It is still possible to find pockets of narrow streets lined with tightly packed homes, especially in the Yanaka area, which escaped destruction by war and earthquake. Shopping is a pleasure in Northern Tokyo: as well as the traditional arts and crafts shops near Senso-ji Temple, there are specialists in plastic food in Kappabashi-dori, religious goods in neighboring Inaricho, and a wide variety of goods at Ameyoko Market.
Ieyasu, the first Tokugawa shogun, built the Kanei-ji Temple and subtemples here in the 1600s to negate evil spirits from the northeast. Judging by how long theTokugawas lasted, it was a wise move.
In 1873, five years after the Battle of Ueno, when the last supporters of the shogun were crushed by imperial forces, the government designated Ueno a public park. Always a popular spot, it has figured in many woodblock prints and short stories. Shinobazu Pond (actually three ponds) is an annual stop for thousands of migrating birds. Several museums and temples are here, as is Japan’s oldest zoo.
Tokyo National Museum
The group of buildings that makes up the Tokyo National Museum is in a compound in the northeast corner of Ueno Park; tickets to all buildings are available at the entrance gate. The Honkan is the main building. To its east is the Toyokan. The 1909 Beaux-Arts Hyokeikan is usually closed to the public and opens only for special exhibitions. Behind it is the Gallery of Horyu-ji Treasures, containing stunning objects from Horyu-ji Temple, near Nara, and the Heiseikan. More than 110,000 items make up the collection – the best assembly of Japanese art in the world – and the displays change frequently.
Tokyo National Museum: Toyokan
Opened in 1968, the Toyokan (Asian Gallery) displays an excellent and eclectic collection of non-Japanese Eastern art that ranges from textiles to sculpture and ceramics. Many of the exhibits are from China and Korea -a consequence of these countries historic ties with Japan. The layout of the three floors is in a rough spiral, and a well-marked route guides visitor through the collection.
Tokyo National Museum: Heiseikan
Built in 1993 to commemorate the Crown Prince’s wedding, the Heiseikan houses major temporary exhibitions and a superb collection of Japanese archaeological artifacts. Its modern facilities do full justice to the fascinating displays.
The first floor houses the Japanese archaeology gallery, with items from 10,000-7,000 BC onward. The temporary exhibitions on the second floor are of mainly – but not only-Japanese art. Captions are in English and Japanese.
This museum is dedicated to preserving the spirit and artifacts of Shitamachi. The 50,000 exhibits include recreations of Edo-era shops, traditional toys, tools, and photographs, all donated by Shitamachi residents.
This quiet area is rewarding to wander through because it survived the 1923 earthquake and bombing of World War II. It preserves something of the feel of old Shitamachi with tightly packed houses in narrow alleys, and traditional food stalls selling rice crackers and old- fashioned candy.
The large Yanaka Cemetery is a must-see in cherry-blossom season. Inside is Tenno-ji, a temple with a large bronze Buddha dating from 1690. Nearby are tea shops and florists. To the west of Tenno-ji is the Asakura Museum of Sculpture, home of sculptor Fumio Asakura (1883-1964). On the second floor is a delightful room full of his small statues of one of his favorite subjects – cats – but the garden is the real highlight with a traditional composition of water and stone. Sansaki-zaka, the area’s main street, has some traditional shops. The understated Daimyo ClockMuseum has 100 Edo-era clocks lovingly presented.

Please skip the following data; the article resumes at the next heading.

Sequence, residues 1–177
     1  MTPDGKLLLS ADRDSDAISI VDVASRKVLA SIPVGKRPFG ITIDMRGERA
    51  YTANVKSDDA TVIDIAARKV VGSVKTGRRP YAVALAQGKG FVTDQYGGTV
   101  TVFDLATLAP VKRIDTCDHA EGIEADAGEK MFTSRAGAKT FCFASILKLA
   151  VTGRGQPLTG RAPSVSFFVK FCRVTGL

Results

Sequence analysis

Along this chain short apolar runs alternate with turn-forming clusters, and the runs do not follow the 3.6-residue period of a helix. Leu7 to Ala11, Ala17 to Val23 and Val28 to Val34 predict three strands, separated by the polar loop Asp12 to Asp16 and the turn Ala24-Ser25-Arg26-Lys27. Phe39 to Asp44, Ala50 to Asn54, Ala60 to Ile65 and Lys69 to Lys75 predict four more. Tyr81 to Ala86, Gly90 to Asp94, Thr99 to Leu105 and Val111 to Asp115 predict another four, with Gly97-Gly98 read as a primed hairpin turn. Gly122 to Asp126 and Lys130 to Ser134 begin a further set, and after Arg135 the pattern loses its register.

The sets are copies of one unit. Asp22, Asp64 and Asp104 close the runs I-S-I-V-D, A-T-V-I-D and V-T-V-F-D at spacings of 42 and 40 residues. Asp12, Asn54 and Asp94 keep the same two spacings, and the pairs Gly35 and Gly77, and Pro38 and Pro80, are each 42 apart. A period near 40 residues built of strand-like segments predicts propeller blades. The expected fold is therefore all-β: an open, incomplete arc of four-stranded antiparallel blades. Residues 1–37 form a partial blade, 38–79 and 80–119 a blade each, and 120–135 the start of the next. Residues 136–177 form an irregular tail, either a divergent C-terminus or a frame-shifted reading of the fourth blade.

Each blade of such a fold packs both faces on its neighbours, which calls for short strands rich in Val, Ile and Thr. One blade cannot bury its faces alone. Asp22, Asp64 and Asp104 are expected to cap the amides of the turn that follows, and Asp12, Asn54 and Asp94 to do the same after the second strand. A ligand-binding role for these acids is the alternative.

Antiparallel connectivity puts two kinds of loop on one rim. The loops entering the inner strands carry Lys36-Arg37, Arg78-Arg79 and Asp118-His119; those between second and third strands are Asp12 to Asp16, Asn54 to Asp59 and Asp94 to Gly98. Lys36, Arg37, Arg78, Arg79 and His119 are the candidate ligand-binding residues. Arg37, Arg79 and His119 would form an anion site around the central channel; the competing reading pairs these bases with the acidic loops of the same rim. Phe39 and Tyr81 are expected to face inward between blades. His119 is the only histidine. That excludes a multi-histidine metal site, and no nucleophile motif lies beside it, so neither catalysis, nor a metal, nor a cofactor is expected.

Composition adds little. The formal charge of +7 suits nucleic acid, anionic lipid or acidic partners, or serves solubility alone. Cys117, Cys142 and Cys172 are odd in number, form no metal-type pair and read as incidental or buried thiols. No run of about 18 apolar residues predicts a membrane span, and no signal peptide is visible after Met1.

One of the great bazaars in Asia, Ameyoko is a place where almost anything is available, almost always at a discount. In Edo times, this was the place to come and buy ame (candy).
After World War II black-market goods, such as liquor, cigarettes, chocolates, and nylons started appearing here, and ame acquired its second meaning as an abbreviation for American (yoko means “alley”). An area of tiny shops packed under the elevated train tracks, Ameyoko is no longer a black market, but still the place for bargain foreign brands, including Chanel and Rolex. Clothes and accessories are concentrated under the tracks, while foods, including a huge range of seafood, line the street that follows the tracks.
Inaricho District and Kappabashi-dori
Inaricho is the Tokyo headquarters for wholesale religious goods. Small wooden boxes to hold Buddhas and family photos, paper lanterns, bouquets of brass flowers (jouka), Shinto household shrines, and even prayer beads can be found here.
Kappabashi-dori, named after the mythical water imp (kappa) who supposedly helped built a bridge (bashi) here, is Tokyo’s center for kitchenware and the source of the plastic food displayed in almost every restaurant window. Although the “food” is for sale, prices are much higher than for the real thing.
At 634 m (2,080 ft), this is the tallest building In Japan. While its main function is broadcasting, it also hosts a large mall, aquarium, planetarium, and restaurants. The Tembo Deck, at 350 m (1,150 ft) above ground level, offers 360-degree views across Tokyo, and another viewing deck, Tembo Galleria, is at 450 m (1,475 ft).
Situated to the north and west of the Sumida River, this area has been at the heart of Tokyo since the first shogun, Ieyasu, built his castle and capital where the Imperial Palace still stands today. Destroyed by a series of disasters, including the Great Kanto Earthquake of 1923 and the Allied bombing in World War II, the area has reinvented itself several times over.
Ginza and Nihonbashi were commercial centers and are still thriving and prosperous, offering a mix of huge department stores and affluent side-street boutiques. For more down-to-earth shopping, there’s the Jinbocho area for books, Akihabara for discount electronics and software, and the Tsukiji Fish Market for the catch of the day.
Central Tokyo’s continuing political importance is evident in the Hibiya and Marunouchi districts, and the area is also home to two very different shrines: Kanda and Yasukuni. A selection of green spaces provides a respite from the frenetic bustle elsewhere.